Membrane performance can be affected by the orientation of hollow fiber membranes. Many different orientations such as vertical, horizontal, slanted, radially slanted like umbrella, etc. have been tested, but vertical and horizontal configurations are considered most practical due to the easiness of the module fabrication and the high packing densities. Slanted modules were also studied, but no particular advantages were found in terms of membrane performance (Sridang, 2004).
Unfortunately there is no published data comparing the vertical and horizontal configurations in field conditions, but some lab scale studies have been published. When hollow fibers were mounted either parallel or transversal to the flow in a channel of plate and frame module and yeast suspensions (5g/L) were filtered under a constant low TMP, the vertical fibers mounted parallel to the flow showed higher steady state flux (Chang, 2000). Similar observations were also made in other experiments (Fane, 2002; Chang, 2002b). It was postulated that the rising bubbles near the membrane fiber generated strong falling film effects and wake effect that scoured the membrane surface efficiently. On the other hand, the horizontal fibers supposedly suffer from particle deposition due to the eddy flows in the half of the fibers that is not facing the flow while there is a potential advantage of physical fiber contacts if packing densities are high enough.
In spite of above observations, it is not clear whether the observations in the controlled lab experiment can be directly applicable to the poorly controlled large scale operations. For instance, the lab scale experiment used hollow fibers mounted in a plate and frame type module, where all the bubbles must pass near the fibers. But, this is not the case in larger scale, where direct membrane scouring by bubbles is not likely the major fouling mitigation mechanism as discussed here.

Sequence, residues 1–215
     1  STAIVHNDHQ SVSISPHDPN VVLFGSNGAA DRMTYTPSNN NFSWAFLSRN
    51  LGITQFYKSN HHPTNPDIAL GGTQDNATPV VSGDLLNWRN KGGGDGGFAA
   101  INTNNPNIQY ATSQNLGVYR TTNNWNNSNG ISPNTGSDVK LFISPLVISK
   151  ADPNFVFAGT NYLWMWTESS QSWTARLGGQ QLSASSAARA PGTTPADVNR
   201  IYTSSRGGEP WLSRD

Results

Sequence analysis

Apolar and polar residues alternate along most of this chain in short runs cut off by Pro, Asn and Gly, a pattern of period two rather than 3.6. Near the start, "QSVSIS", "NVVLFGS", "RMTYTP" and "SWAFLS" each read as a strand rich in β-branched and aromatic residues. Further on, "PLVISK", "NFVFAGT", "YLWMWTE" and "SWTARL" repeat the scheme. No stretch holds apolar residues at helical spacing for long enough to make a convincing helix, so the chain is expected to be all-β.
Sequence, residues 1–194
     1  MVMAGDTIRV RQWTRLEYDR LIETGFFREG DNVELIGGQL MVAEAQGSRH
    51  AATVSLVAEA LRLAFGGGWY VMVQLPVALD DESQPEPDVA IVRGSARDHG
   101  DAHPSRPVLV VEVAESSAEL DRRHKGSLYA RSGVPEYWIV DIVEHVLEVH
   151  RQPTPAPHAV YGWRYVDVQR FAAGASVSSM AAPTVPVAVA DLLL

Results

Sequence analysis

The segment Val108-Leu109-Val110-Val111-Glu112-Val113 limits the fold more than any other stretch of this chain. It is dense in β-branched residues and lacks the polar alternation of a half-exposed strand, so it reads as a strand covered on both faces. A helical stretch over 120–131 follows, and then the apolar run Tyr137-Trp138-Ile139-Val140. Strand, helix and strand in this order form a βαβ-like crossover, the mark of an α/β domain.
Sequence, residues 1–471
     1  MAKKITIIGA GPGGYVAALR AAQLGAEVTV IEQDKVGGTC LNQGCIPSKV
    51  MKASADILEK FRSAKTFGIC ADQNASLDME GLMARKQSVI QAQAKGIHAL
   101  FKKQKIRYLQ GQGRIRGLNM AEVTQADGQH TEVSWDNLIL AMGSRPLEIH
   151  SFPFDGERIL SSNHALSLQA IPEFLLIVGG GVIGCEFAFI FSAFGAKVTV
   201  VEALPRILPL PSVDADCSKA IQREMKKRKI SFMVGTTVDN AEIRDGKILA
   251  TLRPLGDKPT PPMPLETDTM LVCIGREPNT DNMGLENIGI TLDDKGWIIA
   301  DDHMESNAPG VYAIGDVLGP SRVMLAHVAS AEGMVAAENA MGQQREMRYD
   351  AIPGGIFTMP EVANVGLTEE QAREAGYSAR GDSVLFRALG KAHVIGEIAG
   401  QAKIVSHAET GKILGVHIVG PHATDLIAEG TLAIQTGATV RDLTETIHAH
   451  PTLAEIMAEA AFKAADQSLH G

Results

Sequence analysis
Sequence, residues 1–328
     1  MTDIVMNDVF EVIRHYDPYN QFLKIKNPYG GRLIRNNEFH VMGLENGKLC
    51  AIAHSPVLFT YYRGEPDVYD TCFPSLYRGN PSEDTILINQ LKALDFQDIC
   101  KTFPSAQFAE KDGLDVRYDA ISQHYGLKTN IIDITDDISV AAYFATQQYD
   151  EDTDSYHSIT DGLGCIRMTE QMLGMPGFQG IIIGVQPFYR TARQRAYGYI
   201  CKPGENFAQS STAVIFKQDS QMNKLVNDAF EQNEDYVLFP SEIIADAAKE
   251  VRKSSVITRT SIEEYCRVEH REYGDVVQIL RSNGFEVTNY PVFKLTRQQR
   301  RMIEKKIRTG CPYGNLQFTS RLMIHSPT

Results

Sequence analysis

One potential disadvantage of horizontally mounted membrane is the internal pressure loss caused by stagnant bubbles can hinder the flow in the lumen. In immersed membrane processes, dissolved gas in permeate partially escape inside the membrane fiber/module due to the lower gas solubility under the vacuum pressure. The bubbles typically move together with permeate and are discharged, but some can stick on hydrophobic domains inside the water channel as shown in Fig. 1. The presence of an air bubble induced by a ‘dry point’ or unwetted point within the hollow fiber can cause apparent increases in local flow resistance (Chang, 2008). The fibers can suffer more from the dry points produce less permeate while the other fibers must produce more permeate to compensate the loss. Though the bubble attachment in membrane lumen can occur in any membrane configuration, it can be more significant in horizontally mounted membranes since the buoyancy of bubble does not help discharge the bubbles in this configuration.
Fig. 1. Images of stagnant and mobile bubbles detected in hollow fiber lumen by X-ray microimaging (Chang, 2008).
Other disadvantage of horizontally mounted hollow fiber membrane when it is used for MBR is the vulnerability to fiber breakages due to the tensile stress given to the both ends of the fibers. While the rising two phase flow pushes the horizontally mounted fibers upward, eddies behind the fiber pull the fiber to the same direction. As all the drag forces transfer to the both ends of the fiber, fiber breakage in both ends becomes a concern. The maximum possible lengths for a given fiber with a certain degree of tensile strength is limited by the magnitude of the stress transferred to the fiber ends in two phase flow. Since the maximum allowable membrane lengths are limited at relatively low range, the specific membrane area per header become relatively low, too, which acts as a disadvantage in terms of module costs.
Horizontally mounted hollow fiber membranes were commercialized in 1990’s as Sterapore SUR™ by Mitsubishi Rayon Co. of Japan targeting MBR market. The polyethylene (PE) membrane fibers were known to be surface treated to hydrophilic and ID and OD were 0.27 and 0.41 micron, respectively. Although two-side suctions were performed, the small fiber diameter and relatively long fiber length (~900 mm) in the original version allowed relatively low average fluxes, e.g. <12 LMH, in spite of the high scouring air flow rate at ~100 m3/m2/hr based on footprint. The membrane length was reduced to 400-600 mm in newer versions later. The similar horizontal membrane concept was adapted by Zenon Environmental Inc. of Canada in its ZW1000® module in 2003 targeting the water with low suspended solids (not MBR). The packing density of this module is much higher than those for MBR as a consequence of the low suspended solids in feed water. Air scouring is performed only during the backwash cycles, which reduces the chance of fiber damages significantly.
© Seong Hoon Yoon